“James Benning marks the centennial of Utah’s statehood with his excellent experimental documentary, Deseret. As befits its structuralist maker, the film examines the imposition of human design, both physical and conceptual, on nature.
A chain of beautiful, static shots frame details of Utah’s landscapes, from windswept waters, to snowy pines, to immobile oil derricks and silent government buildings. Meanwhile, texts from the New York Times describing the state’s social history, 1852 to the present, are read in voice over. Just as the terrain is contained within human constructs – Indian paints mark rocks, graffiti mark the Indian paintings, the graffiti are enclosed in the filmmaker’s frame – the state’s human inhabitants are circumscribed by the stringent codes of Brigham Young and his burgeoning Mormon sect – fascinatingly described in the Times pieces – and that group’s resistance to outside control and interference. (Deseret was the people’s original choice, rejected by Washington, for the state’s name.) Benning imposes his own strictly defined filmic formula, and it’s that intriguing complicity that gives Deseret the authority to transcend mere prettiness. …" —LA Weekly
James Benning’s early films fused the “structuralist” investigations into sound-image relationships of filmmakers like Michael Snow and Hollis Frampton with an interest in narrative and a deep sensitivity to color, light, and landscape. He first grabbed the attention of the avant-garde film world with 8 1/2 × 11 and 11 × 14. Filmed in vivid color in the rural and urban landscapes of his native Midwest, these two films would provide the kernel for his further investigations into film form.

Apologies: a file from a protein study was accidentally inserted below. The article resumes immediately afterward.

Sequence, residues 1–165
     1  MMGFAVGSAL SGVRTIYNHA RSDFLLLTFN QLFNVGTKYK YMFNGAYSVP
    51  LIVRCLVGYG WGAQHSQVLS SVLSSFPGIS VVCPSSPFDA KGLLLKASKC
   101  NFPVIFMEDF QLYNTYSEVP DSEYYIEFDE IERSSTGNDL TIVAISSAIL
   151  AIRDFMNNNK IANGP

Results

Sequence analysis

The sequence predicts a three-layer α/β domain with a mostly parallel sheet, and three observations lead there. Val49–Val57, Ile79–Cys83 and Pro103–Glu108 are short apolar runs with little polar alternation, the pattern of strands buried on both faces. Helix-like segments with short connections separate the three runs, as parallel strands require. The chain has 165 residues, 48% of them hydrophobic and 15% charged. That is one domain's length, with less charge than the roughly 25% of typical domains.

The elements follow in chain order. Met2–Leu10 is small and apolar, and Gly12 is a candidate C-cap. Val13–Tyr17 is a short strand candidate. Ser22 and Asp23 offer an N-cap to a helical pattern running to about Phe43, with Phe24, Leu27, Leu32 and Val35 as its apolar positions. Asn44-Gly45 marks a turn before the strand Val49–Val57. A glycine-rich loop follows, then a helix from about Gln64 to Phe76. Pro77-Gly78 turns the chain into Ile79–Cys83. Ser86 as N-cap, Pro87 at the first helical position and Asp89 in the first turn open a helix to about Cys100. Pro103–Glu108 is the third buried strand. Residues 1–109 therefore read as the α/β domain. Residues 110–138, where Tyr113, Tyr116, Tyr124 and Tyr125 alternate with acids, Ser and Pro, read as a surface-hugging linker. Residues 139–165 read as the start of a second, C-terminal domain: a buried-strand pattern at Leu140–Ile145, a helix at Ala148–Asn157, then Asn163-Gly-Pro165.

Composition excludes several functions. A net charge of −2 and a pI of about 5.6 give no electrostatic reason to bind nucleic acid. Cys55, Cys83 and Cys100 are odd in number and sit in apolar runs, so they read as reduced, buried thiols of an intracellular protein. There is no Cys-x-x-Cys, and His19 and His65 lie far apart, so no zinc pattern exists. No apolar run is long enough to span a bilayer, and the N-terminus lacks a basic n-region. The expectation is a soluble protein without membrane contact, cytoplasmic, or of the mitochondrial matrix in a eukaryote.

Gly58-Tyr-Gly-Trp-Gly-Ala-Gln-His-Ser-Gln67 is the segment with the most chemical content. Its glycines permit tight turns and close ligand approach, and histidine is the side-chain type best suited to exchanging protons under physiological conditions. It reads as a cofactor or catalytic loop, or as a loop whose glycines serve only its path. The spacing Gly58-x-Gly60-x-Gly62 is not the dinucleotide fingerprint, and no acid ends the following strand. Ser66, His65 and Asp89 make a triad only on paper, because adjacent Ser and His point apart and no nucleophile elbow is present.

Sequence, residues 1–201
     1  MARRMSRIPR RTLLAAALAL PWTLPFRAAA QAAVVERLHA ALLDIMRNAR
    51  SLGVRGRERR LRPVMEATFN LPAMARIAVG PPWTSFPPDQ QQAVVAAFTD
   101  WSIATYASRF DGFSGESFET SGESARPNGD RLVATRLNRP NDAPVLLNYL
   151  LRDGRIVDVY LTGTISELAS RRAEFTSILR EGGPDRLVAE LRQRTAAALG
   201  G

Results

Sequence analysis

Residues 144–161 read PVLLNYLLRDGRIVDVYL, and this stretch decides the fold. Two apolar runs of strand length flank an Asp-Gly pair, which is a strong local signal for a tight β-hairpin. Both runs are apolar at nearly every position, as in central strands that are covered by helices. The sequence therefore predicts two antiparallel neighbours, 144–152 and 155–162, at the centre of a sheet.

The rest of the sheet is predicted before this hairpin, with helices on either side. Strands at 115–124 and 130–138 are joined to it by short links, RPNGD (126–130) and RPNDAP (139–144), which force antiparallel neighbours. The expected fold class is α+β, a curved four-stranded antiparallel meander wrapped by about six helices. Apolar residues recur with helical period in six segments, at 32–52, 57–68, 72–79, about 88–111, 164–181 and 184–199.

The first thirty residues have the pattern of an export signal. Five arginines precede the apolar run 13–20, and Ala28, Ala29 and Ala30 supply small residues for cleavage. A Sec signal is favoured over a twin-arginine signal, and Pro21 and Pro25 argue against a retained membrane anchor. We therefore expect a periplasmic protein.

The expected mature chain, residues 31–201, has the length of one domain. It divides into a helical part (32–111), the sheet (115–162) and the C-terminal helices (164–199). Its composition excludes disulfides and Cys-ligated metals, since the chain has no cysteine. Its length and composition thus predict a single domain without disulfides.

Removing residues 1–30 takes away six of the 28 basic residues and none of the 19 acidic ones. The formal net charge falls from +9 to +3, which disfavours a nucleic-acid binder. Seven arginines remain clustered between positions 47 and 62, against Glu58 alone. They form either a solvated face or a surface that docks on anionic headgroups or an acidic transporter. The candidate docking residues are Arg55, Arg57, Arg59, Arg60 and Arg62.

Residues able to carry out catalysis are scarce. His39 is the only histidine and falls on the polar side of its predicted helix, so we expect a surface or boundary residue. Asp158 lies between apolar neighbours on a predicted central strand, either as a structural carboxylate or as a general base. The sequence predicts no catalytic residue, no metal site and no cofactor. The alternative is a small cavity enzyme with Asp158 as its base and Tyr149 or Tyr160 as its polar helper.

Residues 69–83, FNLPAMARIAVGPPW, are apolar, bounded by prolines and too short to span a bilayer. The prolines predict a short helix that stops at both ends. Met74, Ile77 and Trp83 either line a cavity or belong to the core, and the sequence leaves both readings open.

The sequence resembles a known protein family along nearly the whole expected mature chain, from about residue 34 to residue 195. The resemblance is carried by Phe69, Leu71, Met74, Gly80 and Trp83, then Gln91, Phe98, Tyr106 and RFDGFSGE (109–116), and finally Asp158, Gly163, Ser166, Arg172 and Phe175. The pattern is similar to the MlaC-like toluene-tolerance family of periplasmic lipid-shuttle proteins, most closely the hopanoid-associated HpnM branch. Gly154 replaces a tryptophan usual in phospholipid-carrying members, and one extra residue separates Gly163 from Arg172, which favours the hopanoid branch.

His films’ rigorous structures — often based on numerical systems — and exquisitely composed shots reflect his training as a mathematician, and their frequently autobiographical subject matter draws upon his working-class roots (a rare subject for avant-garde film) and his longtime commitment to political activism.
While his earliest films are mostly concerned with form and narrative, his work in the ‘80s began to introduce both personal subject matter and documentary elements, at the… read more